Is Mindfulness the Secret to Being a Good Dancer?

Alexandra Caluen talks to Carsten Knox about the magic that happens when it all comes together on the dance floor.

Love is in the air. Romantic couple dancing at sunset, walking in city, copy space

When it all comes together, ballroom dancing is like flying. Every part of your body is moving all the time, every part engaged and energized.

I remember one Saturday night when I was out dancing with my husband, Phil. It was a social dance at our instructor’s studio. The floor wasn’t very crowded, so we had plenty of room to move. We took our positions and started to glide along the floor as the waltz played. I moved lightly, curving in and out of Phil’s arm as he led me into turns. As he did, I had space to pull through the move and go past him—dancing in unison and in the same direction as the other pairs, as the whole group charted a big circular course around the room.

It’s pure pleasure to follow your dance partner. It’s the one time in your life when you’re not supposed to be thinking. As women, we’re used to taking care of busi- ness and getting the job done, and it can be quite hard to turn that o and just follow. But when you’re able to do it, it’s a real joy.

My husband and I are part of a large and active amateur competition circuit. We met in a beginner class in ’97 and took part in our rst ballroom dance con- test in the spring of ’99. We weren’t very good, but we thought we were fabulous. We had a lot of fun.

Over time I’ve discovered that the more integrity you have in your movement—and that takes concentration—the more satisfaction there is. You’re moving in three physical planes, you’re moving in time, and you’re also reading the input you’re getting from the muscular to and fro from your partner. You’re acting but also reacting. It’s wonderful when you’re really in tune. Phil and I aren’t always utterly in sync, but generally we dance together well.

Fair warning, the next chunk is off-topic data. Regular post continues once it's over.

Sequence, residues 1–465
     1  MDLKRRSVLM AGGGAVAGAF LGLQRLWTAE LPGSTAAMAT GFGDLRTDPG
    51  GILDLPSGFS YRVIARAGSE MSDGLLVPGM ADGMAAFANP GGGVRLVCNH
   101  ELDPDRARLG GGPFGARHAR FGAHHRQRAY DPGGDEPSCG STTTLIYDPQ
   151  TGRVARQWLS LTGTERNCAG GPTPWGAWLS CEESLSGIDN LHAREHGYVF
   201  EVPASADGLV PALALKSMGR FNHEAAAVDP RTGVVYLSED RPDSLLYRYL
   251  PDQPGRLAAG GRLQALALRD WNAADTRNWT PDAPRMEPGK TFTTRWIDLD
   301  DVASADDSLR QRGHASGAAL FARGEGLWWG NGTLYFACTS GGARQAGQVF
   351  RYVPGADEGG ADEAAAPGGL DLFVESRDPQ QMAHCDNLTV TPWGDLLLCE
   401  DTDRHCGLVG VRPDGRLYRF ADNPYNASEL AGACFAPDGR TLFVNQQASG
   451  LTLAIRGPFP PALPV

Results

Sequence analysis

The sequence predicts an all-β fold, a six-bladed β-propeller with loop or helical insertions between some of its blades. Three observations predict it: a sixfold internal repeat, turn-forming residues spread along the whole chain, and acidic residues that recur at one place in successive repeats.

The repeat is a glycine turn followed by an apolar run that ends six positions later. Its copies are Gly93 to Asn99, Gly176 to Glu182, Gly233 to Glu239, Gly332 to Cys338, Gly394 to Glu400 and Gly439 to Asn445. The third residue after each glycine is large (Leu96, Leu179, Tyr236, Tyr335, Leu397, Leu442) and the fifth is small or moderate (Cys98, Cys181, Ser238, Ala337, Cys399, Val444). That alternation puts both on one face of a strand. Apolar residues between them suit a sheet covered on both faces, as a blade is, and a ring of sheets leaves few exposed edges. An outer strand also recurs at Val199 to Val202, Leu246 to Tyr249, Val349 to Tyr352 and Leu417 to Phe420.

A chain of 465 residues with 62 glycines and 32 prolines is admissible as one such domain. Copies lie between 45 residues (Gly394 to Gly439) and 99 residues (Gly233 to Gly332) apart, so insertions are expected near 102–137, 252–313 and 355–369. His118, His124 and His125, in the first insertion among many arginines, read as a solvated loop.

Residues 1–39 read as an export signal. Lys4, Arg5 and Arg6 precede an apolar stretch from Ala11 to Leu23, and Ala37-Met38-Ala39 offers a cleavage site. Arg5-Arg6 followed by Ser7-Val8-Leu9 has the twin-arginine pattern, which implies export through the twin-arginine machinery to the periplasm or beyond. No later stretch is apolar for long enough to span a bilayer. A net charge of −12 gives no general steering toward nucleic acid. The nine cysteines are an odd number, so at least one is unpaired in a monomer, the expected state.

The more we danced, the more we noticed what was going on in our bodies. We detected tension and stress in various places and came to see the kind of habitual responses we were falling into. I tended to collapse my left shoulder, and this was partly in response to a habit Phil acquired of dropping his shoulder as we tried to get through traffic on the floor.

We went through a stage when we were both frustrated by the experience of social dancing. We were trying to improve our technique and move around more freely on the oor. But you can’t al- ways do that in a social dance, where not everyone is on the same level or leaving you enough space to move. My reaction was to think “Get out of my way!” but I had to realize that not everyone has the same goals. We found other places to dance where we could really extend our- selves, but we also realized we owed it to ourselves to nd enjoyment in whatever dance environment we’re in.

For a long time, I felt I had to think hard to interpret the information—the lead—I was receiving. Now, after enough years of study and practice, I don’t try to manage it anymore. The less I think, the more successful we are. I let my body do the interpreting and just enjoy it.